With a sharp tweak at her predecessor, Gov. M. Jodi Rell today delivered a farewell holiday message to the Middlesex Chamber of Commerce, an annual opportunity to offer tongue-in-cheek holiday wishes and zingers to friends and rivals.

rell at MCC breakfast

Gov. M. Jodi Rell at the Middlesex County Chamber of Commerce: ‘A bittersweet moment’

It was at the same event in 2003 that her predecessor, John G. Rowland, and his wife Patricia, prompted gasps by turning a parody of “The Night Before Christmas” into an attack on the press and his political critics.

Rell said today she considered delivering her own version of the poem, then remembered, “No wait. That’s already been done. And not very well.”

Her audience at the packed ballroom of Crowne Plaza in Cromwell laughed. There might have been some expressions of surprise, but no gasps.

Rell is leaving office after 6 ½ years as governor with her own legacy jeopardized by a fiscal crisis. Her successor, Gov.-elect Dan Malloy, has repeatedly blamed Rell and the legislature for leaving him a projected deficit of more than $3.5 billion.

She tried to counter those complaints.

“I’m not going to take you all down memory lane and share with you all the hundreds of things I feel we’ve accomplished,” Rell said.

But she offered a few.

In a brief accounting of what she called her most important accomplishments, Rell implicitly criticized Rowland, who resigned in the face of an impeachment inquiry and federal corruption investigation.

“One of the first orders of business, of course when I became governor was to restore a sense of honor to state government,” Rell said. “Our state had been through so much.”

Rell said ethics rules she imposed on the executive branch and campaign finance reforms passed by the legislature with her support helped the state move past the Rowland scandal.

The governor called saving the submarine base in Groton, which was the result of bipartisan effort that involved the state’s congressional delegation, her “finest day” as governor.

She also took credit for the purchase of 380 rail cars to modernize the Metro North commuter lines. The first of those cars are undergoing testing in Connecticut.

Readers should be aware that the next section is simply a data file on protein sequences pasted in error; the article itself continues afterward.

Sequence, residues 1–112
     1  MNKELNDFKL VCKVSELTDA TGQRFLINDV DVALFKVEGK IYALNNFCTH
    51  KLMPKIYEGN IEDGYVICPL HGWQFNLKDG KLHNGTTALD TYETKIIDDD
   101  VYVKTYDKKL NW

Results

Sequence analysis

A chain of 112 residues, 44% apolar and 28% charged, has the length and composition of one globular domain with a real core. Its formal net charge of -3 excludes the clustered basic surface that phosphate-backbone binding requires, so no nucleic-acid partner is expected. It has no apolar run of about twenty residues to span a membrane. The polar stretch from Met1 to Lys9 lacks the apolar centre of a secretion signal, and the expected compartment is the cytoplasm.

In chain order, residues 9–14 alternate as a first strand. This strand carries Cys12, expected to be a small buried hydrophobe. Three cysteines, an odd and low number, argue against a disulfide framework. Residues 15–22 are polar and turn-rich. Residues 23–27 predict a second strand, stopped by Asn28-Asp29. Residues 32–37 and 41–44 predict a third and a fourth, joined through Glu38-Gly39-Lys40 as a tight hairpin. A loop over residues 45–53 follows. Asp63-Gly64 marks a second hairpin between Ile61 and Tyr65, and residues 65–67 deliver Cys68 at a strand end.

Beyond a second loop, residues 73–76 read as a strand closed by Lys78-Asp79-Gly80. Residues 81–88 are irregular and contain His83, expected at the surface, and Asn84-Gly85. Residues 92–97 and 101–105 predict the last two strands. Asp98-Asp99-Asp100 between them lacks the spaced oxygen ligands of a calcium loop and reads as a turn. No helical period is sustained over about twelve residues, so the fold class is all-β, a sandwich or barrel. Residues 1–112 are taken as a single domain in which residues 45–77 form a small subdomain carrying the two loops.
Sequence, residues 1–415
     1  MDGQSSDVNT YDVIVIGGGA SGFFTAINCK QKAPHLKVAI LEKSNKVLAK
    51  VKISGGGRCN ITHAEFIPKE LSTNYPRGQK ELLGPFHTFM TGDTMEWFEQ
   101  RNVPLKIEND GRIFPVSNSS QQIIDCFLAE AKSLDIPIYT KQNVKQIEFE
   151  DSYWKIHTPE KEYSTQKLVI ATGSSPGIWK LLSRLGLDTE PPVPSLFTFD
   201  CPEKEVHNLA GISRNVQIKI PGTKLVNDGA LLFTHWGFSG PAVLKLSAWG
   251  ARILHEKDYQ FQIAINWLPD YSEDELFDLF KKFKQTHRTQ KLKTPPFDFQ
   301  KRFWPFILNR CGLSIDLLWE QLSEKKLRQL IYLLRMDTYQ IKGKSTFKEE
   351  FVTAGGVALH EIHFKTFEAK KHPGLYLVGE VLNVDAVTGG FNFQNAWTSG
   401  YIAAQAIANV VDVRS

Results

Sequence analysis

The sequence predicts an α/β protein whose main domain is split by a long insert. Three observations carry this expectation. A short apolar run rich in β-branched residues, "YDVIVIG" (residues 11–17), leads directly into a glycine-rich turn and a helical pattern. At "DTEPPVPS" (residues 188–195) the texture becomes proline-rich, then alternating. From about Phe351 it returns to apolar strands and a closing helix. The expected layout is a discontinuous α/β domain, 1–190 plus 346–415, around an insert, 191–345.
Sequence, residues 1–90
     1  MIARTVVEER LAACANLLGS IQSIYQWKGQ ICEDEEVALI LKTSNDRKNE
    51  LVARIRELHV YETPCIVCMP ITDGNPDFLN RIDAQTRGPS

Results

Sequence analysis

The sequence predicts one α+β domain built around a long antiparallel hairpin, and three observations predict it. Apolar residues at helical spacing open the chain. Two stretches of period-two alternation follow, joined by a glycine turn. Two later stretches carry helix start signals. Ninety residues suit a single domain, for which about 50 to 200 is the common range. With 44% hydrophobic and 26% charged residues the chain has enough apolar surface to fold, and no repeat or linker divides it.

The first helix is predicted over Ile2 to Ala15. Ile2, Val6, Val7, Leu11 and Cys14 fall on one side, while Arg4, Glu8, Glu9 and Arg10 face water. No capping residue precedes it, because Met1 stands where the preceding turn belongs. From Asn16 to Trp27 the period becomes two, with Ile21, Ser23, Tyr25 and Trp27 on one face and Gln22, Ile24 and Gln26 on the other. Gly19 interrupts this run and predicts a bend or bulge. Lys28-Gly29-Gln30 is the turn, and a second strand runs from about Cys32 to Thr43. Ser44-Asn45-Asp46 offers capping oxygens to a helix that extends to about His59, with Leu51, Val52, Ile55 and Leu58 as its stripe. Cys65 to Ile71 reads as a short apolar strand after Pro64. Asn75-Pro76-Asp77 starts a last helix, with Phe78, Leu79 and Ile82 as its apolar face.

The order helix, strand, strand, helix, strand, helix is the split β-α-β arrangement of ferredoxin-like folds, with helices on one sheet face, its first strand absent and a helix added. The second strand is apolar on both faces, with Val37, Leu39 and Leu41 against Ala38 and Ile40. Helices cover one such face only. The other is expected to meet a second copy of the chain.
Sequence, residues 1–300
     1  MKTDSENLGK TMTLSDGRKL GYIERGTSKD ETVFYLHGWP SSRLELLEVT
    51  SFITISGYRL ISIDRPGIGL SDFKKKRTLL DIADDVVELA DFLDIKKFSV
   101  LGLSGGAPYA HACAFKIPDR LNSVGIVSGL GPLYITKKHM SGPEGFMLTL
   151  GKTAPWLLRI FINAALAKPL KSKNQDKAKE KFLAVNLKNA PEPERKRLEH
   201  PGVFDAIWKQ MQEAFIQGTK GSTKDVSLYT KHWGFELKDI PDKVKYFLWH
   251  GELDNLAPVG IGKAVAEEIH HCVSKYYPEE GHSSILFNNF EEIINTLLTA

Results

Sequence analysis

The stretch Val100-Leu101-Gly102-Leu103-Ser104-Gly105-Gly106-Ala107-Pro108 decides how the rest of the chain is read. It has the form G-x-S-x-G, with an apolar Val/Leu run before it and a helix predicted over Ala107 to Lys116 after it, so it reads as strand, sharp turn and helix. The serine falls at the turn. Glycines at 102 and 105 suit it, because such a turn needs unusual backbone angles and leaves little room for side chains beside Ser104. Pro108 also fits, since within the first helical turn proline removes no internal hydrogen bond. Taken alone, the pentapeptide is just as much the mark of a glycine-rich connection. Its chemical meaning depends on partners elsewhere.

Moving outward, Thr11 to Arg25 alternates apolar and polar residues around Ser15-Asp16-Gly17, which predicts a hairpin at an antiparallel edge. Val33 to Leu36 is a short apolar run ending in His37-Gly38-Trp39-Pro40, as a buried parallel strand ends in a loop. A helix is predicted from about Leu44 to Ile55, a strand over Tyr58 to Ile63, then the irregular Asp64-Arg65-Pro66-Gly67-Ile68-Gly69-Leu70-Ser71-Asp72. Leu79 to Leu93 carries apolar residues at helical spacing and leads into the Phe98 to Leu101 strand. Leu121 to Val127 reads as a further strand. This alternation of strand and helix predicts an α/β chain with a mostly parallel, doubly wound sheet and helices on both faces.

Rell quickly moved to her list of holiday zingers, most gentle, a few sharp. She offered them in the form of items she wish she could have included in a time capsule recently buried on the grounds of the executive residence in Hartford.

Her BlackBerry is a device she said she gladly will bury.  She is tired of being at its beck and call.

“As long as we’re talking about electronic devices, how about  the secretary of the state’s calculator?” Rell said.

Secretary of the State Susan Bysiewicz, who some thought had prematurely declared Dan Malloy the winner of the election for governor, waved from the end of the dias.

“We should also add a spare bag of Bridgeport ballots,” Rell said.

Rell said she also would have liked to preserve for posterity some worn-out office supplies used by legislative Democrats.

“You know, the pair of scissors that just won’t cut,” she said.

One of her sharpest jabs was directed at Kevin Rennie, a blogger and Hartford Courant columnist who has described Rell as an indifferent leader whose administration had its own ethical miscues, some involving campaign fundraising.

“Another item that needs burying? Kevin Rennie’s thesaurus – along with Kevin Rennie,” Rell said.

She also wanted to bury the resumes of UConn coaches Randy Edsall, Geno Auriemma and Jim Calhoun, lest they be attracted to new jobs.

“Let’s also bury the hatchet for Pat Summitt – since she can’t seem to manage it on her own,” Rell said.

As Rell said it was time for her good-byes, her voice briefly cracked.

“You know, it’s a bittersweet moment,” Rell told reporters after the breakfast event. “It’s really an honor and a privilege to serve as governor of this great state. I’m going to miss the people.”

Rell cut the impromptu news conference short for a reason that hinted at her life after politics, when she plans on spending more time as a wife and grandmother.

“I actually have to go to a radio station from here,” Rell said. “Then I have to go relieve Lou. He’s got two little boys chasing him. I promised him I’d be back.”

Mark is the Capitol Bureau Chief and a co-founder of CT Mirror. He is a frequent contributor to WNPR, a former state politics writer for The Hartford Courant and Journal Inquirer, and contributor for The New York Times.

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